This post and recipe idea is in collaboration and sponsored by John West’s new ‘Deli Tuna’ range, featuring loin cut tuna made with quality ingredients. I’ve created a nutritious recipe idea showcasing their product and to celebrate the humble canned fish! All words and opinions are, as always, my own.
Oh the great dinner conundrum after a busy day at work – the pull between wanting something delish to eat, but also not wanting to spend much time in the kitchen (enter Uber Eats)? Prepping this dish won’t take up your eve, and what time you do put in will produce a really tasty and nutritionally balanced meal.
A bowlful will provide a good source of energy (pasta), protein (tuna and butter beans), dietary fibre (butter beans, pasta and veggies), quality fat (olive oil), and a few serves of veggies (vitamin, minerals and antioxidants). It’s also flavour-packed – with each mouthful you get bursts of salty feta and olives, zesty lemon, meaty tuna loin, fresh flat-leaf parsley and a small kick of chilli to take it up a notch. A little fancy, but totally easy.
I value their commitment to sustainability too; they responsibly source seafood from well-managed fisheries, ensure full transparency on products, and work with their fish suppliers to continually improve and develop sustainable fishing practice, among more (1)
Canned tuna is an excellent source of complete protein, containing all essential amino acids (essential meaning our body cannot produce it, so we must receive an adequate intake through a varied diet). These are used as the building blocks, or major structural component, of cells and cell membranes — everything from muscles, skin, hair, and even bones!
It’s a long life, convenient and affordable protein option. Protein’s an important macronutrient from a satiation perspective – it keeps us feeling full for longer, regulating appetite. If you’re hungry not long after eating, check the meal’s protein content! Two larger serves will dish up a little over 44g protein each, and three smaller serves a little over 29g protein each (for context your minimum recommended protein intake is 0.8g x your body weight/day).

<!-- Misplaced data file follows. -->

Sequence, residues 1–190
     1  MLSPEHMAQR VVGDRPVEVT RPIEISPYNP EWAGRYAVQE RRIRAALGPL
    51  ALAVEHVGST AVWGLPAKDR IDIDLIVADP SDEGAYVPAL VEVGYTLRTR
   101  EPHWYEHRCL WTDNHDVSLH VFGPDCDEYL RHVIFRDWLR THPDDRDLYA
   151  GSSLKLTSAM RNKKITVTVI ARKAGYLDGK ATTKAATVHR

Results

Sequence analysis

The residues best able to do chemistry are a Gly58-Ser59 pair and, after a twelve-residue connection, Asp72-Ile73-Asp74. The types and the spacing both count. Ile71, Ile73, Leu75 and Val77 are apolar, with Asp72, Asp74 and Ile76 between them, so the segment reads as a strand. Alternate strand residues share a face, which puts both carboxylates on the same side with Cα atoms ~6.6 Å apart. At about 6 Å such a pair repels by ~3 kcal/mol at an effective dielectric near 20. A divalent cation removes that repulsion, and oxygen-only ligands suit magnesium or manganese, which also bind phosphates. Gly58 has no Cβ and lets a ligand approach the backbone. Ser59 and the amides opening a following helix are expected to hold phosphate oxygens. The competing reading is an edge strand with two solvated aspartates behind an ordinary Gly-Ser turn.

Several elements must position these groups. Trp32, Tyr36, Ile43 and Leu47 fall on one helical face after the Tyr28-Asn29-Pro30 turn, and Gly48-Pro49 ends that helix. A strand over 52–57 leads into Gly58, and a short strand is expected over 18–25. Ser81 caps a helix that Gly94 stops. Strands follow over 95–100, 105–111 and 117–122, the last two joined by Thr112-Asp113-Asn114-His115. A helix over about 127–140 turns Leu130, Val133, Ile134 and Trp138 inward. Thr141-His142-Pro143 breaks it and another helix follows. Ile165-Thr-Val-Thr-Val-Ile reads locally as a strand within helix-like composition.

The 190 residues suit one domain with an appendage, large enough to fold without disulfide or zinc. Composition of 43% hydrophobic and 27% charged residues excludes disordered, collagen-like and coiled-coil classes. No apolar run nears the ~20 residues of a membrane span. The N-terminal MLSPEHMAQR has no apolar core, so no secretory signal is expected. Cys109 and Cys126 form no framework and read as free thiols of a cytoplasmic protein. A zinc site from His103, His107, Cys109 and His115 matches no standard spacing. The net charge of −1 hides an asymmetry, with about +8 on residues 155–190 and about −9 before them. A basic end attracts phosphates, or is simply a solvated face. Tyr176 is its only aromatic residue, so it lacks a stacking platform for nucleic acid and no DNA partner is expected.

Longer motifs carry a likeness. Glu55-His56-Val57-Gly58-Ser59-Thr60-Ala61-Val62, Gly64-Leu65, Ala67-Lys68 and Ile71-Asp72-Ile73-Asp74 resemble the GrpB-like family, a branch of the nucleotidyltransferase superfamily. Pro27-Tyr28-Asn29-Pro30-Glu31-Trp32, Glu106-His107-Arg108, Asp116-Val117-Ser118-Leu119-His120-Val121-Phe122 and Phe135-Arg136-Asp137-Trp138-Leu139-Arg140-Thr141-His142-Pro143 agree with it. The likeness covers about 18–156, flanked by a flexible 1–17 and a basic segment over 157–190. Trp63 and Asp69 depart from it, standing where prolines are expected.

Tuna’s a good source of essential omega-3 fatty acids, found in varying concentrated amounts in fish; which has an important role in brain, skin and heart health, as well as helping reduce inflammation.
While the pasta is cooking, heat a small drizzle of olive oil in a pan. Add garlic, courgette, cherry tomatoes and pinch of chilli flakes. Sauté for 5 minutes.
Open tin of butter beans, drain liquid, rinse well and then add to fry-pan, along with the spinach and olives. Cook for another two minutes. Turn off heat.
Once the pasta has cooked drain and add back to the fry pan. Mix together.
Finely snip using kitchen scissors the Italian parsley, and add. Add the juice and zest of the lemon, and the two tins of tuna, pouring in the olive oil (this will help dress the pasta). Crumble over the feta. Season with salt and pepper. Taste and adjust seasoning – add more salt and pepper if desired, more feta, lemon, olive oil etc.
* Tuna in an olive oil base is needed for this dish, as the oil helps dress the pasta and provide a Mediterranean flavour! Using another flavour may alter taste. If your tuna doesn’t contain oil, then dress generously with olive oil.Use up what you’ve got: This dish welcomes other veggies. Feel free to add what’s in the crisper and needs to be used up .g. diced eggplant, capsicum…